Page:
Caught On Wildlife Camera!

Elephant Sanctuary Brazil is located within the Cerrado Biome – the second largest in the country. The flora and fauna of the region are spectacular, and we have been interested in learning more about the native species since we first began building here. The cerrado is reported to be home to nearly 70 species of mammals, over 800 species of birds, and about 120 species of reptiles. 

One of our caregivers, Gabi, installed two new wildlife cameras a few weeks ago, so that we can keep an eye on the wild animal life in sanctuary and potentially catch a glimpse of animals we’ve suspected of living nearby, yet never seen. It is important for us to know what animals may be visiting the property when we aren’t around, but we are also curious about all of our non-human neighbors. 

The land here had been privately owned and was utilized for cattle farming for many years before our arrival, but the surrounding area is also home to the native species who have lived in the area for lifetimes. Because the space was a cattle farm before the sanctuary was established, we initially had infrequent wildlife sightings. Once the land began to return to a more natural state, we have noticed a significant increase in wildlife returning to the area – beginning with the native birds, followed by other mammals. 

We know there are monkeys, anteaters, foxes, and dozens of kinds of birds around each day. Recently we captured some nighttime video of tapirs – which is no surprise – and we’ve now filmed a fox and an ocelot as well. We noticed ocelot tracks nearby beginning a few years ago, but have never actually seen one. It was incredibly exciting to capture one on camera because they are absolutely gorgeous, but also very elusive. 

Ocelots are small, so they don’t pose a threat to the elephants, but we do keep a close eye on the chickens and other small animals near the house, just in case. With any luck, we will have more wildlife videos to share in the future.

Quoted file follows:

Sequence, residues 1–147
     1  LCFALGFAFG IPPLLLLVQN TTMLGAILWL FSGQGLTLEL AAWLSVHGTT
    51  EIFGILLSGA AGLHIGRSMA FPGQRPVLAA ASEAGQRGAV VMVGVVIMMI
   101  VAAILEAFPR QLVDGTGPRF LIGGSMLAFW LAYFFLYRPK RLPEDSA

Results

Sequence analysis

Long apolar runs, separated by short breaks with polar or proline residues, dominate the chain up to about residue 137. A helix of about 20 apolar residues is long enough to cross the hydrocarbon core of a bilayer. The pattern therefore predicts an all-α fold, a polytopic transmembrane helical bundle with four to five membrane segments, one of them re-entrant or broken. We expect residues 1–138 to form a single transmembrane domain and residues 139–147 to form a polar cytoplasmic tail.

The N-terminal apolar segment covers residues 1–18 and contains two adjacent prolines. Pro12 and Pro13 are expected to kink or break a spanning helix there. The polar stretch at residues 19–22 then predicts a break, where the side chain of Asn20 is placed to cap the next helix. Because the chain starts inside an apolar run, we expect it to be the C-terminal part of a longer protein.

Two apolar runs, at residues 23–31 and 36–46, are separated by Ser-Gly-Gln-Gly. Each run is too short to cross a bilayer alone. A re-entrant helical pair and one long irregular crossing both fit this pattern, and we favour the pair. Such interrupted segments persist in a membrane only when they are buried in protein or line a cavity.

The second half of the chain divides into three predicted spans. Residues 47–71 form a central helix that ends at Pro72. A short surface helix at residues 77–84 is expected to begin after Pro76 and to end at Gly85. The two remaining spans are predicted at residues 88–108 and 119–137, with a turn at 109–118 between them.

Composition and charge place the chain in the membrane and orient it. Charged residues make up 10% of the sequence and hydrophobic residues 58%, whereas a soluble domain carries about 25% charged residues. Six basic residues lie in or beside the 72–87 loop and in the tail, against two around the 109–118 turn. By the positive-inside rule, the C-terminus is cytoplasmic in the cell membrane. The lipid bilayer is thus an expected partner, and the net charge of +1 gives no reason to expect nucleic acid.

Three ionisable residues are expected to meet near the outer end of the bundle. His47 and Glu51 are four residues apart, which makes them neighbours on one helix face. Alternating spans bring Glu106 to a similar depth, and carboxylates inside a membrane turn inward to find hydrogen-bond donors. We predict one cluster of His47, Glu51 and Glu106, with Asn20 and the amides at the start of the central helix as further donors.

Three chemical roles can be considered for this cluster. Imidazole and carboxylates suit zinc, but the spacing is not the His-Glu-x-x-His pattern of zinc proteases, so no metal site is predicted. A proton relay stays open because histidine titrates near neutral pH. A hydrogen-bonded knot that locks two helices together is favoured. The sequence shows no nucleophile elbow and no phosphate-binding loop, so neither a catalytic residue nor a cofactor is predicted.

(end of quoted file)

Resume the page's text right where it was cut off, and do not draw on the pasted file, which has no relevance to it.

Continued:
1. REPLY
    Cintia Abney says

    Love it!!
    Is the tapir in the video one of our fellow?

    • REPLY
      Kat Blais says

      nope, he is wild.

  2. REPLY
    Deb says

    Sounds like a piece of HEAVEN to me!
    I’m curious, are you concerned about poisonous snakes biting the elephants?

    • REPLY
      Kat Blais says

      not really, we had more poisonous and aggressive snakes in Tennessee. the skin on their feet is generally too thick for most fangs and snakes usually avoid the big vibrations coming their way.

  3. REPLY
    John says

    Elephants and ocelots – oh my!

  4. REPLY
    Marcia says

    Wow. Spectacular!

  5. REPLY
    Katie Howard says

    How exciting!!!

  6. REPLY
    Wim says

    Quite impressed by your nightly visitors. Wonderful when the circle of life is turned on again.

  7. REPLY
    Debbie Sides says

    That is amazing! I can only imagine what it’s like to live there surrounded by all that beauty. Paradise!

  8. REPLY
    Carey says

    Not many have the luck to catch a beautiful ocelot , so so lucky.! if you are re-wilding the land you will surely offer increasingly more to encourage the eco system there before … it’s exciting on so many levels. Great to see that development Kat 👏🏼 Please do tell us what you do with all the ladies “manure” !

    • REPLY
      Kat Blais says

      we compost most of it, but the wildlife picks through much of it before we can get to it. because of the poor digestion of the species, elephant dung always has ‘leftovers’ in it, that other animals are more than happy to help themselves to.

  9. REPLY
    Angie Gibson says

    An ocelot! Beautiful and elusive like the snow leopard 😍 I do hope they do not pose any threat to the tapirs—love those stout little guys❤️ Never a dull moment out in nature🌿🌴🌺🌿🌳🌼🌿

    • REPLY
      Kat Blais says

      nope, the tapirs are much bigger than they are.

  10. REPLY
    Terry says

    So awesome!!! What a gift!

  11. REPLY
    elaine richard says

    So not only are you giving refuge to the elephants but you’re also restoring the land to its healthy former self, rich, as you say (and we get to see, thanks to the new cameras), in wonderful indigenous creatures. Brilliant.

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